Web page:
Jason Barickman on the statehouse floor
Senate Republicans

An Edgar protégé moves from business into a front-and-center role in politics.

As a freshman member of the Senate, Jason Barickman had little say in his appointment to serve on the Legislative Audit Commission. But the dull-sounding assignment soon landed him in the middle of one of the biggest controversies of the 2014 race for governor.

Lloyd Karmeier
Brian Mackey / WUIS

No justice of the Illinois Supreme Court has lost a retention election since the up-or-down system was put in place 50 years ago. Last fall, Justice Lloyd Karmeier came close. He squeezed into another decade on the bench with just 2,921 votes to spare — less than eight-tenths of a percentage point above the required 60 percent threshold. His brush with late retirement — Karmeier turned 75 in January — was brought about by a nasty, last-minute advertising blitz for which the judge was ill-prepared.

Eric Skiff

  

The struggles of the middle class cannot be blamed entirely on the country's economic collapse. 

Rape Laws - Illinois Makes Major Moves Forward

Feb 1, 2015
demonstrators with signs
Illinois Coalition Against Sexual Assault

Legal system makes major moves forward in its handling of sexual assault, especially in Illinois

In December, a Chicago area man was convicted of raping a woman in a hotel room following their date in 2009.

This personal account is a sidebar to the feature story Rape laws by Kristy Kennedy

Three different men sexually assaulted me when I was a sophomore in college. That was 30 years ago or so. In that time, I’ve come to re-evaluate what it means to be to be raped. And I’ve kept in mind what I can do to help protect my daughter, who at 22 is a little older than I was in the early 1980s when I was assaulted while a student at Eastern Illinois University.

View from above of people painting sections of pavement
Steve Myers

 
Betsy Dollar’s office at the Springfield Art Association, which she heads, is a hodgepodge of computers used for digital art classes, important files, various books and pieces of art. Her dog, Jake, who tends to accompany her to work, is napping under the desk. Dollar is in the middle of a messy project, using clay to restore a historic ceiling medallion that was damaged at Edwards Place, a home that is part of the Springfield Art Association campus and was the original center of artistic activity for the group some 100 years ago. This is the office of a person who does far more than push papers and handle bureaucratic duties; it’s headquarters for a woman who does a little bit of everything to keep the organization she loves running.

Rauner names novice politician to replace Topinka Leslie Munger stepped into the role of Illinois Comptroller, filling the office that Judy Baar Topinka left vacant when she died in December. 

The day of fiscal reckoning is drawing near for Gov. Bruce Rauner. After almost two years of vague generalizations and vacuous campaign slogans, the state’s brand-new Republican chief executive finally will have to deliver the budgetary goods, a proposed spending plan for the fiscal year starting July 1. On February 18, Rauner will have to lay out in excruciating detail his Fiscal Year 2016 budget, one rooted in the fiscal realities of a multibillion-dollar drop in revenue and hundreds of millions of dollars in new spending.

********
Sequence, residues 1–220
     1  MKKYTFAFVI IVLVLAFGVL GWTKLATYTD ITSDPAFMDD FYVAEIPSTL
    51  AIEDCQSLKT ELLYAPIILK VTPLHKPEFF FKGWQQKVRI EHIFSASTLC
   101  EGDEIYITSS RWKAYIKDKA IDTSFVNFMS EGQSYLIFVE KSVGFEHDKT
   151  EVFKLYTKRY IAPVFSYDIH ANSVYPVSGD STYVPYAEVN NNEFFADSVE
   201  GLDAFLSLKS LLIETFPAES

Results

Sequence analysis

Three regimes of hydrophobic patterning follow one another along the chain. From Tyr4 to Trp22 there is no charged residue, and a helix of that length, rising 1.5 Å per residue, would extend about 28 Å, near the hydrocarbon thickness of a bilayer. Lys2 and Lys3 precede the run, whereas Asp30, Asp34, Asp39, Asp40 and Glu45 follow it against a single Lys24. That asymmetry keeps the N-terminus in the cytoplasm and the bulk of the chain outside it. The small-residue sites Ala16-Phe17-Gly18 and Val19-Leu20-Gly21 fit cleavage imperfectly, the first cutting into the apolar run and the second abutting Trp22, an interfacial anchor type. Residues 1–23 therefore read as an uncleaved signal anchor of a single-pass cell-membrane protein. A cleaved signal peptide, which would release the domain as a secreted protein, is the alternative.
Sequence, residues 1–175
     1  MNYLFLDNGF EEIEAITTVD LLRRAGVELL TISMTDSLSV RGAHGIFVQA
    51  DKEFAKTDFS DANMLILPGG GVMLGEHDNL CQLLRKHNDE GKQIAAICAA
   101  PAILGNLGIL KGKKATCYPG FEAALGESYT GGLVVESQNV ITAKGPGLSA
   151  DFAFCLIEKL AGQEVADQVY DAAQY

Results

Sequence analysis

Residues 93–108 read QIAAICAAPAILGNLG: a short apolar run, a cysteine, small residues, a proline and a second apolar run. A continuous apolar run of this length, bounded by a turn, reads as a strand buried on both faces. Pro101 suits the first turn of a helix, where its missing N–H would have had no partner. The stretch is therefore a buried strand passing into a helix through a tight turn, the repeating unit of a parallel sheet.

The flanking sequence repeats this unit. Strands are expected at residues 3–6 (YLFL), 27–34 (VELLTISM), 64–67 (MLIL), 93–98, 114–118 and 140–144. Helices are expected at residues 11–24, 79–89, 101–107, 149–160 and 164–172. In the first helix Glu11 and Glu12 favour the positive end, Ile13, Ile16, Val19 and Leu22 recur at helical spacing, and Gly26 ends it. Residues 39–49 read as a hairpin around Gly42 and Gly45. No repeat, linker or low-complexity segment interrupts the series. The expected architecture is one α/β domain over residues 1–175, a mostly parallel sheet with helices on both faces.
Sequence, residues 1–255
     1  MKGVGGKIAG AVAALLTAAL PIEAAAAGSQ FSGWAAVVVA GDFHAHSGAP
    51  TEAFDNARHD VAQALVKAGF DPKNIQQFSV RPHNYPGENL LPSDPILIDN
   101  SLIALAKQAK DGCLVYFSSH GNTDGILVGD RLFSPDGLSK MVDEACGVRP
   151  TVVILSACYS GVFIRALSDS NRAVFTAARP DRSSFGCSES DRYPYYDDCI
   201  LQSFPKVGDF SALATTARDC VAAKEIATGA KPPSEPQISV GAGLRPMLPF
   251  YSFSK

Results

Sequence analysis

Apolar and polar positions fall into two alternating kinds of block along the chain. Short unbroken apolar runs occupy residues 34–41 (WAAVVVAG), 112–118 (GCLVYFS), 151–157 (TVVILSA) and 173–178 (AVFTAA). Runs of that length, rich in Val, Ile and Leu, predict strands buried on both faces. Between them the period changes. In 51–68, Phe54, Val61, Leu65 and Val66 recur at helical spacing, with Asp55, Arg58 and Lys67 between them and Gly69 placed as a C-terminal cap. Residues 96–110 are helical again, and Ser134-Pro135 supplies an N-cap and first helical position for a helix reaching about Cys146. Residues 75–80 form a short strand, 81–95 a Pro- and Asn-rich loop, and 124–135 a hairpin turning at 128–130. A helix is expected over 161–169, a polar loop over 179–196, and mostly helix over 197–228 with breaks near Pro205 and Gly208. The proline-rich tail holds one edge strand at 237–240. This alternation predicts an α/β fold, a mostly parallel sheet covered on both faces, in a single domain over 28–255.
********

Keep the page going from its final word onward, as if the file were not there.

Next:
...WINTER WEATHER ADVISORY REMAINS IN EFFECT FROM 9 PM THIS EVENING TO 9 PM CST SUNDAY... A WINTER WEATHER ADVISORY REMAINS IN EFFECT FROM 9 PM THIS EVENING TO 9 PM CST SUNDAY. * TIMING...RAIN THIS EVENING WILL BECOME MIXED WITH SNOW OVERNIGHT...THEN CHANGE OVER TO ALL SNOW SUNDAY MORNING...WITH AREAS SOUTH OF I-72 TAKING THE LONGEST TO FULLY BECOME ALL SNOW. THE SNOW WILL CONTINUE THROUGH SUNDAY EVENING. * ACCUMULATIONS...TOTALS OF 3 TO 6 INCHES WILL BE POSSIBLE BY SUNDAY NIGHT...WITH THE HIGHER AMOUNTS NORTH OF THE I-72 CORRIDOR.

Gov. Bruce Rauner has selected 54 year old Don Tracy, a Springfield attorney and businessman, to become Chair of the state's Gaming Board.   He would replace Aaron Jaffe.

A statement from the administration says Tracy has the background and experience to lead the board "dealing with an important industry in Illinois."

Tracy is a partner in the firm Brown, Hay and Stephens LLP.  He is also general outside counsel and part owner along with his siblings of DOT Foods, the nation's largest food re-distributor.

NWS

A winter storm will bring accumulating snow to the area Saturday night through Sunday evening. 

Current indications are for 7 to  9 inches of snow north of a Rushville to Danville line. 

Springfield could see 6 to 8 inches. 

Some blowing and drifting of snow will be possible Sunday afternoon and evening.

The National Weather Service points out the forecast for accumulation could change as new computer models track the storm.

State Week logo
Dan LoGrasso / WUIS

Discussion of the new Bruce Rauner administration's latest actions - just a few days before Governor Rauner's first State of the State Address.

 The poverty rate in Illinois has held steady in recent years despite the nation’s post-Great Recession status.

That’s according to a report issued this week by the Chicago-based Heartland Alliance’s Social IMPACT Research Center. The group reported that the 14.7 percent poverty rate in Illinois for the 2013 (the most recent data available for the analysis) has been unchanged since 2012. The 2011 poverty rate was slightly higher than that at 15 percent.

WUIS

Illinois Gov. Bruce Rauner is defending paying his staff members significantly more than his predecessor, saying he'll pay what he has to for top
talent.
 
The Republican told reporters Friday that some of his administration hires from the private sector were taking pay cuts to work in state government.
 
 The Associated Press found annual salaries of ten top staffers in Rauner's administration outpace those of comparable aides to former Gov. Pat Quinn by
roughly $380,000 _ or 36 percent.
 

Amanda Vinicky

...SEVERAL INCHES OF SNOW EXPECTED SATURDAY NIGHT AND SUNDAY...
 
  A WINTER WEATHER SYSTEM IS EXPECTED TO DEVELOP IN THE SOUTHWEST
  STATES INTO SATURDAY AND LIFT NORTHEAST INTO THE OHIO RIVER VALLEY
  SUNDAY AFTERNOON. AS THE SYSTEM DEVELOPS...A MIX OF RAIN AND SNOW
  WILL MOVE INTO CENTRAL ILLINOIS SATURDAY AFTERNOON AND EARLY EVENING.
  DURING LATE SATURDAY EVENING AND OVERNIGHT THE PRECIPITATION WILL
  CHANGE OVER TO ALL SNOW. THE SNOW WILL BECOME MODERATE DURING THE
  OVERNIGHT HOURS...WITH 3 TO 4 INCHES OF ACCUMULATION POSSIBLE BY